The US corporate parallel justice system is a recipe for injustice
American society is famous for its religiosity. However, a phenomenon that has spread throughout the economy in recent decades has resulted in millions of people signing up to the right to a court date.
US companies have been inserting mandatory arbitration small print terms of contracts for everything from jobs to credit cards and nursing homes. These clearly state that any dispute with the company will be resolved by arbitration instead of a court: a simpler and more informal system in which the arbitrator will hear both parties and make a decision. determined. Usually, the company chooses the arbitration provider, the proceedings are behind closed doors and there is little opportunity for appeal.
This parallel justice system is now vast. In the field of consumer finance, 2015 research of the Consumer Financial Protection Bureau found that 16% of credit card issuers use arbitration clauses (including 53% of credit card balances) along with 84% of short-term lenders (including 99 % storefront).
In the labor market, mandatory arbitration provisions now cover about 55% of non-union private sector workers, double the rate in the early 2000s, according to one Research 2018 by Alexander Colvin, a scholar at Cornell University. Colvin says this means about 60 million workers can no longer go to court to protest violations of rights like the minimum wage or protections against discrimination or harassment. These provisions are more common in low-wage workplaces, and they also often come with class-action waivers.
Arbitration can benefit individuals. It’s usually quicker and cheaper than going to court. The American Arbitration Association, one of the largest arbitration providers, charge for example, an employee must pay $300 filing fees for a single arbitration dispute, while an employer must pay $1,900 and $750 case management fees. The major vendors have rules they say make sure the process is fair. Proponents argue that the alternative would be lengthy legal proceedings that would benefit lawyers far more than the average American.
But there’s cause for concern anyway. Not every arbitration process is fair to the individual. In a case involving a US company elsewhere in North America, David Heller, an Uber driver in Toronto, wants to take the company to court over workers’ rights. He said His contract contained a clause that meant he had to resolve the dispute through arbitration in the Netherlands, requiring an upfront administrative and filing fee of $14,500. The courts of Canada ultimately found this provision “unconscionable”, based on the inequality of bargaining power between the parties and the costs of arbitration.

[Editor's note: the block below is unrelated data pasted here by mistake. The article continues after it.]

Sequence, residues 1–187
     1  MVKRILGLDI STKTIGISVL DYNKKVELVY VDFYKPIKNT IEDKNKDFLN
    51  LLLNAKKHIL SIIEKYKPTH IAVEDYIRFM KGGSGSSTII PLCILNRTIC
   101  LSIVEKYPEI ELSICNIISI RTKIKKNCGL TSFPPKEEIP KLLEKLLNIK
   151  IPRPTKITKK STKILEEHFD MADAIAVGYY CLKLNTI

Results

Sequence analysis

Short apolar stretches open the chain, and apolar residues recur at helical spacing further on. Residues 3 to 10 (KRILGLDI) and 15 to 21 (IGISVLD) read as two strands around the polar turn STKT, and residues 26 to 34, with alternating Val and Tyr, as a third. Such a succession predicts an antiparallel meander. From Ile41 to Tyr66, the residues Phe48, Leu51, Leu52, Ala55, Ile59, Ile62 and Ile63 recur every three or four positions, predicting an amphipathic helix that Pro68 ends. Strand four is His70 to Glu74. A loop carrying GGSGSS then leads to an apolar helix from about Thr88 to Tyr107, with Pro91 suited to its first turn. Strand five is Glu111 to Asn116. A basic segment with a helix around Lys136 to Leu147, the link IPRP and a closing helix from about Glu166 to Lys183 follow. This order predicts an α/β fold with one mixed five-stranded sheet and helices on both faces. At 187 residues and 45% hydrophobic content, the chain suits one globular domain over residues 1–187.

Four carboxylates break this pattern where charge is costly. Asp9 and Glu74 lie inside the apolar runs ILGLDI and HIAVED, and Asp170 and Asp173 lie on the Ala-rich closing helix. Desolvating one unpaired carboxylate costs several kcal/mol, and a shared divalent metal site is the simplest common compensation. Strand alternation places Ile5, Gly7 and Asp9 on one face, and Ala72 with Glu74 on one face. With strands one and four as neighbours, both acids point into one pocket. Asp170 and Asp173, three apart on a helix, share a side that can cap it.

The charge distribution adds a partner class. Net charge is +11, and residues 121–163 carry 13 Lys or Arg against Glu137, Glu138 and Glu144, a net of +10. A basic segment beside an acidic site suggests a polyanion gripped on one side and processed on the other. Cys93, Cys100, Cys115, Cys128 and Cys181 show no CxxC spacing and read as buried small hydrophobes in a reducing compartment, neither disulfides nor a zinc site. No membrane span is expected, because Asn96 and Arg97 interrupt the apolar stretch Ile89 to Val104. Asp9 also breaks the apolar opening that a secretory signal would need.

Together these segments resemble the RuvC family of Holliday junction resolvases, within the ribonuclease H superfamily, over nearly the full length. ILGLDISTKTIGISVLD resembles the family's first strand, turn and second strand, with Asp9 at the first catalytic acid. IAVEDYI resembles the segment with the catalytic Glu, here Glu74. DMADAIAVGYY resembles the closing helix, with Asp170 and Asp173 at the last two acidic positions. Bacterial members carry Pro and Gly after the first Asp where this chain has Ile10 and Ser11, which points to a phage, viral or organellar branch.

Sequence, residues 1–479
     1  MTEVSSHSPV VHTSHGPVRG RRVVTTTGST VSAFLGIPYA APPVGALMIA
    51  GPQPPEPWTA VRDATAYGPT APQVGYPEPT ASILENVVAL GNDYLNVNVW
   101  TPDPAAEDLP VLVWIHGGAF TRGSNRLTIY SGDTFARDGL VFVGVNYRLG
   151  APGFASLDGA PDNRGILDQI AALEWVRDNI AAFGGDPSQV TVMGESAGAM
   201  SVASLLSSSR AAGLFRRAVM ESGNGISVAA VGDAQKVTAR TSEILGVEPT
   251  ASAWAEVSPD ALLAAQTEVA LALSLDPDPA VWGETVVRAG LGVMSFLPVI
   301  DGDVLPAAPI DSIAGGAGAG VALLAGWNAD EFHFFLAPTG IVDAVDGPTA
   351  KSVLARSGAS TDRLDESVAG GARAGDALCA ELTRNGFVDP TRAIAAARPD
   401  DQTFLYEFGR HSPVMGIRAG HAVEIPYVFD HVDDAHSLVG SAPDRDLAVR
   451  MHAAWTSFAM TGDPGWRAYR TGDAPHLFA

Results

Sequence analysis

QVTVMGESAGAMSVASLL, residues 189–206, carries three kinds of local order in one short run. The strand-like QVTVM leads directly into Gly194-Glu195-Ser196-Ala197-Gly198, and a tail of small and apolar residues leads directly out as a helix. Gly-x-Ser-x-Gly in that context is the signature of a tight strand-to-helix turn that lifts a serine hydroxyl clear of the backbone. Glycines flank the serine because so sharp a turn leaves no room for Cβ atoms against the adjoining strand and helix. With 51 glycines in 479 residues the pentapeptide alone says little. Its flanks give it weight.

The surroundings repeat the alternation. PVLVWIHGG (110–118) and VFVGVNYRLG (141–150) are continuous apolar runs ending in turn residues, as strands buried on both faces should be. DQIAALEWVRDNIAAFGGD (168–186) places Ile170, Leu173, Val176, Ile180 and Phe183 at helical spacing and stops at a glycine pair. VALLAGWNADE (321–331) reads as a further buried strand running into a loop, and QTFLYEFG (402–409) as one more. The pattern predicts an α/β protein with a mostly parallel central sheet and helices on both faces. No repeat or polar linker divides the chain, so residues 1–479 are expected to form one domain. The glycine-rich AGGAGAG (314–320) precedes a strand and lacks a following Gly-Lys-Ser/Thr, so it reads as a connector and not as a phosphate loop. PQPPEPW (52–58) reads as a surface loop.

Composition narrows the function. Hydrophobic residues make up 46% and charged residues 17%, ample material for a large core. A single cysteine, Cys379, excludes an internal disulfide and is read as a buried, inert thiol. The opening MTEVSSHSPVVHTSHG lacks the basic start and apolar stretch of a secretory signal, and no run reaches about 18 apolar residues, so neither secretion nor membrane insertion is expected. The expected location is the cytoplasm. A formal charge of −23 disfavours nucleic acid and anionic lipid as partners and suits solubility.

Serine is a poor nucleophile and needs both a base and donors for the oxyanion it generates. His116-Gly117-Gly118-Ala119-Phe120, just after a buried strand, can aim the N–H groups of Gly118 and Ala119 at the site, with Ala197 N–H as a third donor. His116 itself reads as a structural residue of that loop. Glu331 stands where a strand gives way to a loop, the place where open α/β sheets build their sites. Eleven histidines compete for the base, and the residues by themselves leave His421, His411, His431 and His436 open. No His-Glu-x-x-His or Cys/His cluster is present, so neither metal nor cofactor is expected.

Some studies suggestions individuals are less likely to win in arbitration than in court and the prizes they receive are smaller. Keeping disputes out of court can also keep system problems need to change within a particular company.
Resistance to mandatory arbitration in the US is growing. ONE bill introduced Congress would ban provisions in employment, consumer and civil rights cases, while some companies such as Google dropped them after a staff protest.
Plaintiffs’ attorneys also found a way to turn the tables. They are filing hundreds or even thousands of individual arbitration claims with one employer at a time, which costs companies huge upfront fees. Gig DoorDash Company ended up in court tried to break out of its own arbitration agreement last year after more than 5,000 traffickers filed a lawsuit. It received a brief objection from a judge.
And after Amazon faced more than 75,000 individual arbitration requests on behalf of Echo users, the company changed its terms of service to allow customers to file lawsuits, the Wall Street Journal reports. report This year.
There could be a system that avoids unnecessary lawsuits that go unnoticed. For example, in the UK, people who want to take their employer to settlement court are offered free mediation by a government agency called the Advisory, Mediation and Arbitration Service. . If the parties cannot agree, they can still take it to court. It works fine: only about one quarter of the disputes handled by Acas leading to the court order. Meanwhile, 82% of claimants and 80% of participants are from the employer side The report satisfied with the service.
A country where “I will see you in court” is the first answer to any dispute is not fair. But one of those cases where someone said “I can’t see you in court because I had to give up my right to do so” is definitely worse.